2.1.Theory of Particle Collision and Deposition on Insulator Surface

    Various installation methods are used for catenary insulators including cantilever insulators installed horizontally and obliquely, and positive feeder insulator strings installed vertically. Figure 1 shows the site chart of electrified railway catenary insulators. The particles are infinitely small relative to the insulator, and the shed occupies most of the insulator area, so the insulator is considered as an infinite flat plate when establishing the collision model. As the insulator sheds are about perpendicular to the central axis of the insulator, in the preceding research, the insulator arranged vertically was often considered as a horizontal infinite flat plate [18]. However, the installation methods of catenary cantilever insulators are unique, hence, the research should consider the installation method of the insulator.

    Figure 1. Insulators of the electrified railway catenary: (a) insulator in the working state; (b) catenary structure chart.

    This study assumes that the particle shape is spherical. For horizontally installed insulators, the surface of the insulator sheds was regarded as an infinitely large plate placed vertically when establishing a collision deposition model. For the same reason, the inclination angle for an insulator installed obliquely was assumed to be φ, and the insulator was regarded as an infinitely large flat plate with an inclination angle of 90°−φ. Figure 2 illustrates the collision model between the particles and insulator surface.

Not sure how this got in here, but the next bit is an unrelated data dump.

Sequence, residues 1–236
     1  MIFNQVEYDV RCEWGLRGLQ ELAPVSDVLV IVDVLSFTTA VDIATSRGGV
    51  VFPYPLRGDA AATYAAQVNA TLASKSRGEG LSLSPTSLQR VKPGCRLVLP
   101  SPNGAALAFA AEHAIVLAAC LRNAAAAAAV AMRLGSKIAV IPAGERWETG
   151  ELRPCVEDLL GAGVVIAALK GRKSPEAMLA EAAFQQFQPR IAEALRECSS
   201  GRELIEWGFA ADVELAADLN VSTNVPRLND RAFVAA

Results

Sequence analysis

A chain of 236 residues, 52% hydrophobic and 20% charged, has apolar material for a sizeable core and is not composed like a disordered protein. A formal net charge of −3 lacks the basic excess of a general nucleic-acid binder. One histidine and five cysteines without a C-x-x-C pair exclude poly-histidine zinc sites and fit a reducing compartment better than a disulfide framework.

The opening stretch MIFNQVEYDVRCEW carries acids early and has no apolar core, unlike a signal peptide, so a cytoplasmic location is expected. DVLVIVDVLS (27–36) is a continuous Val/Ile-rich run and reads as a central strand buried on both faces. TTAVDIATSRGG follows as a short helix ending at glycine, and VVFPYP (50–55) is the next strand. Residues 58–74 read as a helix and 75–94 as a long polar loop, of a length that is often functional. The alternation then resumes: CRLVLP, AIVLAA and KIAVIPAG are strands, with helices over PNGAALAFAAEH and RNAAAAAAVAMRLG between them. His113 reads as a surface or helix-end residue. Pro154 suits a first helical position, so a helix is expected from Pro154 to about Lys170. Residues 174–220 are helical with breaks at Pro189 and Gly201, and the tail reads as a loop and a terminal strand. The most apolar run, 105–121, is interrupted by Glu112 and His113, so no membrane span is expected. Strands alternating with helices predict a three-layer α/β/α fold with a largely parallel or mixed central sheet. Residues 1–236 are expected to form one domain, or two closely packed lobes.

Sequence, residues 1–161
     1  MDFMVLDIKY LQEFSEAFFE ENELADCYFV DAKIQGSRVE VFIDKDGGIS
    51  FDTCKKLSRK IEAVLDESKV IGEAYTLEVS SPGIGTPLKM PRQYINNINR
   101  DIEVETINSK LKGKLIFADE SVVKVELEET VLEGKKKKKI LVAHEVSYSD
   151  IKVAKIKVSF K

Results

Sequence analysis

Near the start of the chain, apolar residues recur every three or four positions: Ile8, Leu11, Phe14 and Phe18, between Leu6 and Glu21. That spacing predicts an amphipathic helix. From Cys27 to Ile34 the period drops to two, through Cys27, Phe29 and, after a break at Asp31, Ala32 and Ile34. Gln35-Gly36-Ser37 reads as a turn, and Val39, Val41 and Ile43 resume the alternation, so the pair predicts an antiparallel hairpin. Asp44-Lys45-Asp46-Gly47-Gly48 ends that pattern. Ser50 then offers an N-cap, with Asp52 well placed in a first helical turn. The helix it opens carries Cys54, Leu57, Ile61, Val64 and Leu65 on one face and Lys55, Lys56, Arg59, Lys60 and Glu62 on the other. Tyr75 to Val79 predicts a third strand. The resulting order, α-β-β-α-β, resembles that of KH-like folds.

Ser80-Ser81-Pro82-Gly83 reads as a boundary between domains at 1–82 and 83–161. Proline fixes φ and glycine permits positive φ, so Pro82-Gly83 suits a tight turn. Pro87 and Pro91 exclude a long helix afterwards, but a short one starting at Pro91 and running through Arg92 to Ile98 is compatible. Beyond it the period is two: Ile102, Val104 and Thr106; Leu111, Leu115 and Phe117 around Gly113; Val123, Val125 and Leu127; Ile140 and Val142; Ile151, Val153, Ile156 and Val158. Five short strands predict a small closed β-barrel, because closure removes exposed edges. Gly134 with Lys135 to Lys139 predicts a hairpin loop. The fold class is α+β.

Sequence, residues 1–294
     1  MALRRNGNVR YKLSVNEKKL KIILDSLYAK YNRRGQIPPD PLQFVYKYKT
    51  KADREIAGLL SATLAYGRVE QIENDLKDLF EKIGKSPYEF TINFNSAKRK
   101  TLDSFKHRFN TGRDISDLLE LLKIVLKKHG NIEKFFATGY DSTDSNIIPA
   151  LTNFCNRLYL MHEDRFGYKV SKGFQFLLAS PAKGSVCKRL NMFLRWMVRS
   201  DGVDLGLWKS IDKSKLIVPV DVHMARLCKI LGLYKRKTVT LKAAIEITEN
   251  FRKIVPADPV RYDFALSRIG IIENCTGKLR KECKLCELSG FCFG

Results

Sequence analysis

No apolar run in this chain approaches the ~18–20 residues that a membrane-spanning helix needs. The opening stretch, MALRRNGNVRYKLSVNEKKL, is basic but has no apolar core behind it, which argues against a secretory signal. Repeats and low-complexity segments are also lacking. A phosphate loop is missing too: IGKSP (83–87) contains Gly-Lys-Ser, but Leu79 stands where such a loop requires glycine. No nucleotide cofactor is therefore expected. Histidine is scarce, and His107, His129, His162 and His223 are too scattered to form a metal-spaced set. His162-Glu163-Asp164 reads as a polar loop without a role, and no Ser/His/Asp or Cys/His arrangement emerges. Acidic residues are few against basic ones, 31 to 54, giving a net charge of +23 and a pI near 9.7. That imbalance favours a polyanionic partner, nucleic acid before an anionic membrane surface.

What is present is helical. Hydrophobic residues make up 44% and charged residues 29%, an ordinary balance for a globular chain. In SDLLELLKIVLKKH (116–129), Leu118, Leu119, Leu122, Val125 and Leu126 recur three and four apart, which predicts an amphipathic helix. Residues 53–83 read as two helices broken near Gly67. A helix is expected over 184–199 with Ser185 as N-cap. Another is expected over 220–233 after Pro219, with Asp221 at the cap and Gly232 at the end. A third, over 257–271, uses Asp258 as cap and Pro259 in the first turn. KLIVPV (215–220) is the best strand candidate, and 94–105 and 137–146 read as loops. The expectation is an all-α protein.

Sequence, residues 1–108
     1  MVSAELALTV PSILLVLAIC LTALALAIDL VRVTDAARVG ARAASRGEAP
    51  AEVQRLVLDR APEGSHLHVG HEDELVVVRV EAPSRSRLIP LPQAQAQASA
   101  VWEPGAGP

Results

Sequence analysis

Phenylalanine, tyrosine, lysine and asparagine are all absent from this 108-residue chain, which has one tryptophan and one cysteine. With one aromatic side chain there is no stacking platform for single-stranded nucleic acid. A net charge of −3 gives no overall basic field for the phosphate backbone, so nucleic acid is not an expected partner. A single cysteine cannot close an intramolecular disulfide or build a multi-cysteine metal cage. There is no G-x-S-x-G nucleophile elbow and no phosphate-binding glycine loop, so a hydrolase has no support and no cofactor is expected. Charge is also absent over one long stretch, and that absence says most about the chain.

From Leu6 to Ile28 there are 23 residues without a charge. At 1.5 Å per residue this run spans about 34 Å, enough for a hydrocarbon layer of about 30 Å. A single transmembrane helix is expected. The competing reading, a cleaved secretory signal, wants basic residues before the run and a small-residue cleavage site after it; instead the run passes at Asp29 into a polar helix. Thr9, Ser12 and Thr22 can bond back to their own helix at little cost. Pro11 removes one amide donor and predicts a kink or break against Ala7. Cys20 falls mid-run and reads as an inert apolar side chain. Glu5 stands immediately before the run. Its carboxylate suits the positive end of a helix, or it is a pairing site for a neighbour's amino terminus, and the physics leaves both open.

Figure 2. Collision model between the particles and insulator surface.

    The assumption was that the particles collide with the insulator surface at the horizontal and vertical velocities of vx1 and vy1, respectively, and assumed that the particles were round spheres, and adopted a hard ball model (i.e., particles do not deform when they collide). This study took a horizontally installed insulator as an example to analyze the collision deposition process between the particles and insulator surface.

    The collision deposition process of the particles and insulator surface can be divided into four stages: injection, collision, recovery deformation, and ejection. When the cantilever insulator is installed horizontally, the insulator can be assumed as an infinitely large flat plate with the particle size relative to the insulator surface. Figure 3 shows the schematic of the collision deposition of the particles and insulator surface.